Generally, if their route is blocked, drivers have priority over pedestrians and animals on roads and hard shoulders except in the cases detailed in articles 65 and 66, where they should let them through, stopping if necessary.


Cyclists have priority over motor vehicles:


A) when they are in a bicycle lane, a cycle crossing, or a properly signposted hard shoulder.

When crossing the road, we must differentiate between a pedestrian and cyclist crossing. In pedestrian crossings, cyclists must dismount to cross the road, pushing the bike while doing so. At cycle crossings, however, cyclists can cross without dismounting because the crossings are designed for the purpose.


Remember that if cyclists do not cross the road correctly and have an incident on a pedestrian crossing, they may be held responsible and for any damage caused to another party.

B) when they are in the vicinity of a motor vehicle making a legal turn left or right onto another road.

C) when they are riding in a group, the first of which has started a crossing or entered a roundabout.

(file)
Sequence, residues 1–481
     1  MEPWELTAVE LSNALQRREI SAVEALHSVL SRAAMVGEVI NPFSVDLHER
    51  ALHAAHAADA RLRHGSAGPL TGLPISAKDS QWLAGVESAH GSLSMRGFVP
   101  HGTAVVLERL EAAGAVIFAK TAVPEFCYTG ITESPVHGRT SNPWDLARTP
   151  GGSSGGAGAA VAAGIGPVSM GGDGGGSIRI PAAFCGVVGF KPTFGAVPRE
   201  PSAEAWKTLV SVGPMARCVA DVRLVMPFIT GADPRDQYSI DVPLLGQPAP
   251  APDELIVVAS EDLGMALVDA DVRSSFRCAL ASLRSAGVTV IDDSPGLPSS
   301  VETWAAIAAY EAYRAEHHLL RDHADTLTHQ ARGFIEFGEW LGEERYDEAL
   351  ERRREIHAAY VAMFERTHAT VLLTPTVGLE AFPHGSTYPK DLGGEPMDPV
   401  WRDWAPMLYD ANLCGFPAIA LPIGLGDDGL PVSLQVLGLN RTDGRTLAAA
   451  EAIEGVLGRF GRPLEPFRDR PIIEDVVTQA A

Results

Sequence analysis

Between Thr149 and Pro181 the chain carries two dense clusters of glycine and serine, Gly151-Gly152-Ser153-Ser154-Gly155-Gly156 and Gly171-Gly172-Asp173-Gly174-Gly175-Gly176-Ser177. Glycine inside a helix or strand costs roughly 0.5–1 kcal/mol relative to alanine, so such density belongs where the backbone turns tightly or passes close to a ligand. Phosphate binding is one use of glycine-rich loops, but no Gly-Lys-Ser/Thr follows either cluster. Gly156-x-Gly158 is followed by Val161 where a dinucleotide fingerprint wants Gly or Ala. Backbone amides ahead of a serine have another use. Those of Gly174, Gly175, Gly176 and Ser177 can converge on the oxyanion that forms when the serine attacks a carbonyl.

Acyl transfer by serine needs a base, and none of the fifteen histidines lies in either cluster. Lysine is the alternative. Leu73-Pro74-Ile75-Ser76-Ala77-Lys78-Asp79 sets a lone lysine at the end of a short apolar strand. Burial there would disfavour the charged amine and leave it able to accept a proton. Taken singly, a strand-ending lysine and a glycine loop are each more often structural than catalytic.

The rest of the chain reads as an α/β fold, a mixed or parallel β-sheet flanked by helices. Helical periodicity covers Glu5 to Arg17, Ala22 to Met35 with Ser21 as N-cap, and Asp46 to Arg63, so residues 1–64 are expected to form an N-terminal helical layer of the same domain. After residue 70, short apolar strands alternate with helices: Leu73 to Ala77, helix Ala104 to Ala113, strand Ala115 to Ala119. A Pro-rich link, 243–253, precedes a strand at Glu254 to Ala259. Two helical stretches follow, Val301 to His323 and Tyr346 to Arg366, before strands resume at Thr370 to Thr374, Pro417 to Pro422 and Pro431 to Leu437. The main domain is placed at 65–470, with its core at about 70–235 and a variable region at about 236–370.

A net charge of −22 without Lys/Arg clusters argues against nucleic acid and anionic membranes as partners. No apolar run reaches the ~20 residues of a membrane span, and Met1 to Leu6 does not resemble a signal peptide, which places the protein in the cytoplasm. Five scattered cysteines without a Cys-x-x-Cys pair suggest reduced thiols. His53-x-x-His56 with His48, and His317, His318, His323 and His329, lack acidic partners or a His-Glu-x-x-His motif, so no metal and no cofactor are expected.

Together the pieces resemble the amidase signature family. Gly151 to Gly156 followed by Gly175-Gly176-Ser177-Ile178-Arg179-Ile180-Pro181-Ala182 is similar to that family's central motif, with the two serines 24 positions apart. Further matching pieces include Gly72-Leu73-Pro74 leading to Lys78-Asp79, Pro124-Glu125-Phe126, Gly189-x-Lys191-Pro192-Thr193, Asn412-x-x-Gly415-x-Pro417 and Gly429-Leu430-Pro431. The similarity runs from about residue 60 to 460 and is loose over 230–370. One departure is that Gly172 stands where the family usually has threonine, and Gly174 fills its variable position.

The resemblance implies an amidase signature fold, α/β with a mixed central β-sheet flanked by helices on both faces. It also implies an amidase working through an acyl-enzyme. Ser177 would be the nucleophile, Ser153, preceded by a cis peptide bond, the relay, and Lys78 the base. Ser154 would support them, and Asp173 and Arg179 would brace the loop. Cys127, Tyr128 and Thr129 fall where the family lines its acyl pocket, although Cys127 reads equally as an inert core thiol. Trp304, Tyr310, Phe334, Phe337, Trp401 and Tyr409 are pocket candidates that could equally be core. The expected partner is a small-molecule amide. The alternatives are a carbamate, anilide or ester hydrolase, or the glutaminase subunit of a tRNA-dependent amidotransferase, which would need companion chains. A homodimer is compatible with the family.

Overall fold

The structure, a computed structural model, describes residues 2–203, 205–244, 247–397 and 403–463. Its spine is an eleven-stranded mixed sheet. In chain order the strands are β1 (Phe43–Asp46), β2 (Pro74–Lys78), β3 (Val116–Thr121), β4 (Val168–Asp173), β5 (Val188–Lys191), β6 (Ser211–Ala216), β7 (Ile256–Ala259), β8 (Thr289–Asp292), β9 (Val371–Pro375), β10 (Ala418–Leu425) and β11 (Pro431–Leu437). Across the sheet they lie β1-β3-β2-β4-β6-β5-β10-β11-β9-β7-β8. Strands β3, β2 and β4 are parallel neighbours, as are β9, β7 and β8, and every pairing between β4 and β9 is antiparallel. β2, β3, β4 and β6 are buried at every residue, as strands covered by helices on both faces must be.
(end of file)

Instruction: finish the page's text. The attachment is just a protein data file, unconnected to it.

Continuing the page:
At a roundabout, a group of cyclists are treated as a single unit. That is to say that if the first cyclist in the group has entered the roundabout, the remaining group will now take priority, therefore traffic on the roundabout must now wait until they have all passed.

However, this rule is on the assumption that the first cyclist has already entered the roundabout. If the group are approaching a roundabout and see vehicles already on it, then they must give way to traffic already on the roundabout, in the same way as if they were a single cycle, or a car, for example.

It is only when the first cyclist in the group has already entered the roundabout that the rest can then follow.

In other cases the general rules concerning priority between vehicles apply.